Pet Health

10 Not-So-Loveable Pet-to-People Illnesses

You might love your cute-as-can-be kitten or your dear doggy to the ends of the earth, but did you know that pets carry diseases that can be transferred to humans? That’s right, while Hammy hamster, Polly the parrot, and Sibyl the snake may provide good companionship and unconditional love on one hand—they can also be the harbingers of several infectious viruses, bacteria, and fungi that can endanger their owners.

Beware of these eight not-so-loveable pet-to-people illnesses…

1. Toxoplasmosis from Cats

No one likes a dirty, clumpy cat litter box—including fluffy! But more importantly, parasites, or toxoplasma gondii, can linger in the feces of an infected feline’s litter box. This is why it’s so important to clean your cat’s litter daily and wash your hands thoroughly afterwards. Also, toxoplasmosis can cause birth defects in unborn child, which is why pregnant women shouldn’t clean kitty’s litter.

Toxoplasma parasites will cause infected humans to experience flu-like symptoms—including headache, muscles stiffness, swollen glands, fatigue, low-grade fever, and in severe cases, blurred vision (or ocular toxoplasmosis). If you have a healthy immune system, illness will usually pass in 2 weeks without treatment. However, if your immune system is compromised, you should seek immediate medical attention to be treated for this infectious disease.


2. Roundworms from Dogs

The majority of cute little puppies and kittens are born with roundworms, but vegetarians will test and treat them during their first check-up. Problems arise when a vet doesn’t examine newborn animals and roundworm eggs transfer to humans—usually when humans handle infected soil or dirt (if your pet does his or her business outside).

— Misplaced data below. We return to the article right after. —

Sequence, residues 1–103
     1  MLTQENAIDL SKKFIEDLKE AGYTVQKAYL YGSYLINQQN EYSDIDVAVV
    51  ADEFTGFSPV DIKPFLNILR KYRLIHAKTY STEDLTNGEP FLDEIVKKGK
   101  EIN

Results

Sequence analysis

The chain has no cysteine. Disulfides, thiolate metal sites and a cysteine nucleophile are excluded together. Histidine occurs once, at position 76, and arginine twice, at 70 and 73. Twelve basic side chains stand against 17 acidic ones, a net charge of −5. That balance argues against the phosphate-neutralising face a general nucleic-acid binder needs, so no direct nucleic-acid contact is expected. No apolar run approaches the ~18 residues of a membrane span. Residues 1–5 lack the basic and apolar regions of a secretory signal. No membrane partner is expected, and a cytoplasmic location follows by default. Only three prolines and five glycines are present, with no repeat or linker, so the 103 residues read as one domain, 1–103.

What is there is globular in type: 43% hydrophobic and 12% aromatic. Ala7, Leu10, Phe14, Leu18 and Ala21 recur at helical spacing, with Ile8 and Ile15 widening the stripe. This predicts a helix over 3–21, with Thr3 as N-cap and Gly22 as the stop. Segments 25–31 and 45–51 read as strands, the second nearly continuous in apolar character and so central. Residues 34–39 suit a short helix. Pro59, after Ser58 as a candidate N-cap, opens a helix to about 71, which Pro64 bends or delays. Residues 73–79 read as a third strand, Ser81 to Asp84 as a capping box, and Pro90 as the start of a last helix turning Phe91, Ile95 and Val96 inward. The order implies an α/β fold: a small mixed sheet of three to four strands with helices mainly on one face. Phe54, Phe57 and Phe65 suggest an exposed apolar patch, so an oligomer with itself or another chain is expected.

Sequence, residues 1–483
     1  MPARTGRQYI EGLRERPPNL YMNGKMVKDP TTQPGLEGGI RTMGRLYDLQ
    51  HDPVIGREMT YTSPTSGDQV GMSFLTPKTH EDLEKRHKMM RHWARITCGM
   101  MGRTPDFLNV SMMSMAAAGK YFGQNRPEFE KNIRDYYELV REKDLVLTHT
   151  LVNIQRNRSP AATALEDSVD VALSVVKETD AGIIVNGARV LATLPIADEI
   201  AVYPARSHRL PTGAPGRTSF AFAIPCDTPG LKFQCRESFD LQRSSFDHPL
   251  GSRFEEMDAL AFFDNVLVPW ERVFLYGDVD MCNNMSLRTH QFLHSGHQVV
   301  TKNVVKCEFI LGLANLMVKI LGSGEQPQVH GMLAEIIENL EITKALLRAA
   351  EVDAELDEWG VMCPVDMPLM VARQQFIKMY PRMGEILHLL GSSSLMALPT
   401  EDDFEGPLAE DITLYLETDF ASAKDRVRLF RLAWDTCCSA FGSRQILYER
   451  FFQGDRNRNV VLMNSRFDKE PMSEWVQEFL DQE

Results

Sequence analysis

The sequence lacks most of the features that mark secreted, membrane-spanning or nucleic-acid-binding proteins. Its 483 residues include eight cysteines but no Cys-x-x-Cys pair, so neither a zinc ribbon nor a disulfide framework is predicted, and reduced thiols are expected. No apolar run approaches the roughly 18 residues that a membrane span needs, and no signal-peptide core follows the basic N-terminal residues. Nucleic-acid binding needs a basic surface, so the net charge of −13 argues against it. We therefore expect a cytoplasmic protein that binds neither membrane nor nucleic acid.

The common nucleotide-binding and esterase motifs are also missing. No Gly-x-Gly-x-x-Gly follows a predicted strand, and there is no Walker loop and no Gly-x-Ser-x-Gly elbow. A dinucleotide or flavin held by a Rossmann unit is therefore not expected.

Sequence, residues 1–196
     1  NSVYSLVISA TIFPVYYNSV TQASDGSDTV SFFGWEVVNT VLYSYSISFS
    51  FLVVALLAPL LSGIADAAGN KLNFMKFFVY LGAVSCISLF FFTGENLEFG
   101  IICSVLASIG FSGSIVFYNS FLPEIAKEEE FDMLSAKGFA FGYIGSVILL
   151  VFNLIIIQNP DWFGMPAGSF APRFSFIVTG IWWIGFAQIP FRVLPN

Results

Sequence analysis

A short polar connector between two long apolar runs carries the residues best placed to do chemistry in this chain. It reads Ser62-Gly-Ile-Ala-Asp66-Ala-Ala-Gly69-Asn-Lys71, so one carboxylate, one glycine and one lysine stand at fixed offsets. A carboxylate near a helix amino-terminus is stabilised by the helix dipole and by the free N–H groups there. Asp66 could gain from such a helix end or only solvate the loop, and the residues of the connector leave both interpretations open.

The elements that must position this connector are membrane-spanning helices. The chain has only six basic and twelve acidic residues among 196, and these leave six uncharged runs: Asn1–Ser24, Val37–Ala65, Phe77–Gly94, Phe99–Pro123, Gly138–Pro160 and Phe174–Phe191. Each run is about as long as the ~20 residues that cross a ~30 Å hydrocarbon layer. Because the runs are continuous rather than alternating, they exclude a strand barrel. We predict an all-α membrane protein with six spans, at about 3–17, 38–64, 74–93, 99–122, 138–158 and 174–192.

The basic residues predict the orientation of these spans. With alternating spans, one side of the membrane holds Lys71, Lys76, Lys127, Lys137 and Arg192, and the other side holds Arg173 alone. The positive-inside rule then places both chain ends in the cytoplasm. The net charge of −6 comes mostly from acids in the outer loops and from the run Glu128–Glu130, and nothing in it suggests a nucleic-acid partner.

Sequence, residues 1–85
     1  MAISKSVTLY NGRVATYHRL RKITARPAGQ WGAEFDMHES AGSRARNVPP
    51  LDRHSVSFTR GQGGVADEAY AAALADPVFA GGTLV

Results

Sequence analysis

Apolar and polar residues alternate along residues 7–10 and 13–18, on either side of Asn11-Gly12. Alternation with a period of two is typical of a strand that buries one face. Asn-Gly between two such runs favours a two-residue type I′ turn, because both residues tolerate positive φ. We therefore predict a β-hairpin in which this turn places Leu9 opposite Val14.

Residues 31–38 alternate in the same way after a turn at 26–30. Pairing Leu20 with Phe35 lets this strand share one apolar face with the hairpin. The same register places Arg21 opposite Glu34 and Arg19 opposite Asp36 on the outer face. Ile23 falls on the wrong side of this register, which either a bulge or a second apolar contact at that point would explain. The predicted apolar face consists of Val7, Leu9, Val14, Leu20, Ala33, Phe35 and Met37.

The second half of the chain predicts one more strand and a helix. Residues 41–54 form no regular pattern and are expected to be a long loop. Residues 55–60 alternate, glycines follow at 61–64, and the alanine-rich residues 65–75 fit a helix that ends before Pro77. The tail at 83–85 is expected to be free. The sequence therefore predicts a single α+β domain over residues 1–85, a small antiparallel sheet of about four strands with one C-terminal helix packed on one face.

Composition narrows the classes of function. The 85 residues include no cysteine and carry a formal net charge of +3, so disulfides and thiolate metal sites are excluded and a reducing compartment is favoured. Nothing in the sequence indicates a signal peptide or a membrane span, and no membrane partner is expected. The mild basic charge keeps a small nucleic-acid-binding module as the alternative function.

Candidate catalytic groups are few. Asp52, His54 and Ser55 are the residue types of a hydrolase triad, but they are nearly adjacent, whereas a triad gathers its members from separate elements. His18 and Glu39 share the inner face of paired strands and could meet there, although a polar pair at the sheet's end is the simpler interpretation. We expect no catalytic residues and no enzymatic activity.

When roundworm eggs are accidentally ingested by humans, a low-grade fever, persistent dry cough, or shortness of breath may occur. The majority of healthy people may not experience any symptoms whatsoever. However, those with compromised immunity can suffer from vision and breathing difficulties, and neurological issues, and may need a round of anti-parasitic drugs to banish roundworm parasites for good.


3. Salmonellosis from Reptiles

I sympathize with those who live in small spaces and opt for a lizard, turtle, iguana, or snake instead of a dog or cat. However, the Centers for Disease Control caution that your reptile may carry salmonellosis, a type of salmonella bacteria that resides without issue in reptiles, but makes humans quite ill.

The CDC warns that handling your pet (or petting zoo reptiles), cleaning their habitat, or feeding them on shared surfaces can result in the transfer of salmonellosis. Feeding your reptile vegetables infected with salmonella bacteria (i.e., kale, broccoli, or other greens) can also cause salmonella. This is why thorough washing your hands after any contact is imperative. The disease will cause flu-like muscle stiffness, abdominal cramps, diarrhea, and fever in infected humans for roughly a week.


4. Leptospirosis from Dogs, Mice, and Rats

Leptospira is a bacterial infection that lives in the infected urine of dogs, mice and rats. Humans typically pick it up if they have indirect contact with contaminated soil, where it can linger for months. They may also pick it up after contact with animal cage contents or via an animal’s paws.

Leptospirosis in humans may cause chills, fever, abdominal cramps, skin rash, and vomiting. However, a prescribed antibiotic (i.e., penicillin) will clear up symptoms quickly. If left untreated, leptospirosis infection can result in kidney failure. It’s best avoided by vaccinating your dog and washing thoroughly after handling pet rodents.


5. Cat-Scratch Fever from Cats

Cat-scratch fever is a catchy song, but cat scratch illness, from a type of bacteria known as Bartonella henselae, won’t have you tapping your feet and singing along. This illness is transferred from cat to person when a feline has fleas to scratch at then scratches you and breaks the skin.